We should be able to draw a link between the outcomes of the organisation and the work that's done with managers. And then beyond that, there should be some common sense applied. So, for example, if you wanted to train managers on appraisals, presumably there's going to be some evidence that appraisals need to happen, that when appraisals happen well, there are good outcomes for the staff and so on. And, you should be measuring those things, and setting a baseline before doing any training. So, then you can actually measure and evidence what has changed as a result of this intervention.

Q: In what ways do you think ongoing training and development for managers impacts employee morale and retention?

A: There are lots of ways that working with managers will play out in the morale and wellbeing of a team.

The most important relationship in the workplace for a staff member is the relationship with their manager. If that manager is supporting them, guiding them, giving them feedback, that's not only going to improve their productivity in the workplace, and help them to do their jobs well. We know that that carries across into their life. Their wellbeing, their mental health, satisfaction, and outcomes like that. Overall, working with managers is not just about productivity, it's also about the wellbeing and overall health of the organisation.

Q: How you ensure that manager training aligns with the strategic goals and objectives of the organisation?

A: Well, I've got three top tips for this one. Firstly, make sure that you've got the right sponsor, so that would mean someone from the leadership team, typically. So, if you're asked to design some training for managers within the organisation, then you need to understand who's made that request and why, and what are they actually trying to achieve as a result of that. You have to be strategically aligned, and that typically means working with someone who owns the strategy.

Tip number two is set clear metrics so you know in advance what are the measurable things that you're trying to achieve as a result of this. Whether that's to do with financial performance, whether that's to do with staff outcomes, whether that's to do with customer outcomes, compliance, whatever it might be. Get really clear on those metrics up front and measure them in advance, so, you've got your baseline.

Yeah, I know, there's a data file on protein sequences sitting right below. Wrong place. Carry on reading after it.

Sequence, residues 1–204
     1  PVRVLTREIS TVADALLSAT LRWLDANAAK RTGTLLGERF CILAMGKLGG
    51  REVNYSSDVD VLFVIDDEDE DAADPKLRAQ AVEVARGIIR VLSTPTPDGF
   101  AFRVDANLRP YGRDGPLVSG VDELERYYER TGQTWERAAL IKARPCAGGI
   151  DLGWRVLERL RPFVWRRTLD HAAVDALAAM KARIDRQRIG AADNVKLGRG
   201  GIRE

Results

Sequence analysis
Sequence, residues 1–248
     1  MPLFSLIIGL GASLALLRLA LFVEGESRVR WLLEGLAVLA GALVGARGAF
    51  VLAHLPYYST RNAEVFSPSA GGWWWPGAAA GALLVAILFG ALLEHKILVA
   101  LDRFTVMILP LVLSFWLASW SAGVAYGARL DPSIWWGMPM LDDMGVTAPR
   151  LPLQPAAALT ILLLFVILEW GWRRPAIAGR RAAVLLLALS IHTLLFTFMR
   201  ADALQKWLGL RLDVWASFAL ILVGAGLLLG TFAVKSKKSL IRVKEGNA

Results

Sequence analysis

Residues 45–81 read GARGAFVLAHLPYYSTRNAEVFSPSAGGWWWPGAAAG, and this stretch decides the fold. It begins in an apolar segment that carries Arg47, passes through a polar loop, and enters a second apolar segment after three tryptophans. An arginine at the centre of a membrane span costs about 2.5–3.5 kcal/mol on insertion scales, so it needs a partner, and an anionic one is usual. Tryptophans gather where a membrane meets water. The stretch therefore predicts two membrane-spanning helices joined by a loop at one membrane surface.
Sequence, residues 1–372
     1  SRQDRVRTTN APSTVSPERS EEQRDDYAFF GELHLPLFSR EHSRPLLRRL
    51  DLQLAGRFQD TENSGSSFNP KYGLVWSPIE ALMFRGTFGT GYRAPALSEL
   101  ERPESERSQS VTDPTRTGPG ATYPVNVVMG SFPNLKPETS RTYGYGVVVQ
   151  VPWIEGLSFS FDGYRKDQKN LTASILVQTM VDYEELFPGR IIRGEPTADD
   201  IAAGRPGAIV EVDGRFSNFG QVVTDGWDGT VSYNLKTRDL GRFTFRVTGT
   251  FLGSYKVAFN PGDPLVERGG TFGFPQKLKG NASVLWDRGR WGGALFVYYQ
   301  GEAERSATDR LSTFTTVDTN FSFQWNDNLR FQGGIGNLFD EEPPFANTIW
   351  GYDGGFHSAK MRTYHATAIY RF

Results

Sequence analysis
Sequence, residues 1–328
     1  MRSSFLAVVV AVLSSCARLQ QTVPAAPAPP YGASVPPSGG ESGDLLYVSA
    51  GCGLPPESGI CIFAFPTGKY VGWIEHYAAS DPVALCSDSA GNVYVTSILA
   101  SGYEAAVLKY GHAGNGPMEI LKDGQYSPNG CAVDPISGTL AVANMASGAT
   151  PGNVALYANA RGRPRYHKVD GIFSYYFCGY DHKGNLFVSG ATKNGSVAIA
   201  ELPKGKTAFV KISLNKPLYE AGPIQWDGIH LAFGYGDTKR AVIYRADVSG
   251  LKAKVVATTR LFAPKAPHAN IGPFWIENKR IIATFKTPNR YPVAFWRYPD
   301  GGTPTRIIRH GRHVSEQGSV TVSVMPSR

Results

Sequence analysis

And then thirdly, training design, in my view should be 90% commercial and 10% creative. And that's perhaps a slightly controversial thing to say as a creative trainer.

If you spend the time up front getting really clear on what the training needs to achieve, and working really hard at understanding the things that you can do with people to understand what's happening for them at the moment and what needs to change – that's core to the training. And then on top of that, can come your creativity in terms of how you bring that training session to life. And that 10% of creativity is so important as well. But first of all, you have to have the foundation of a really robust plan for what you're going to achieve.

So, the three tips. Get the right sponsor. Make sure you're working with the right sponsor. Secondly, have your clear metrics. And thirdly, in thinking about your training design, think commercially before you think creatively.

Find out how they can tailor training courses to the needs of your organisation here.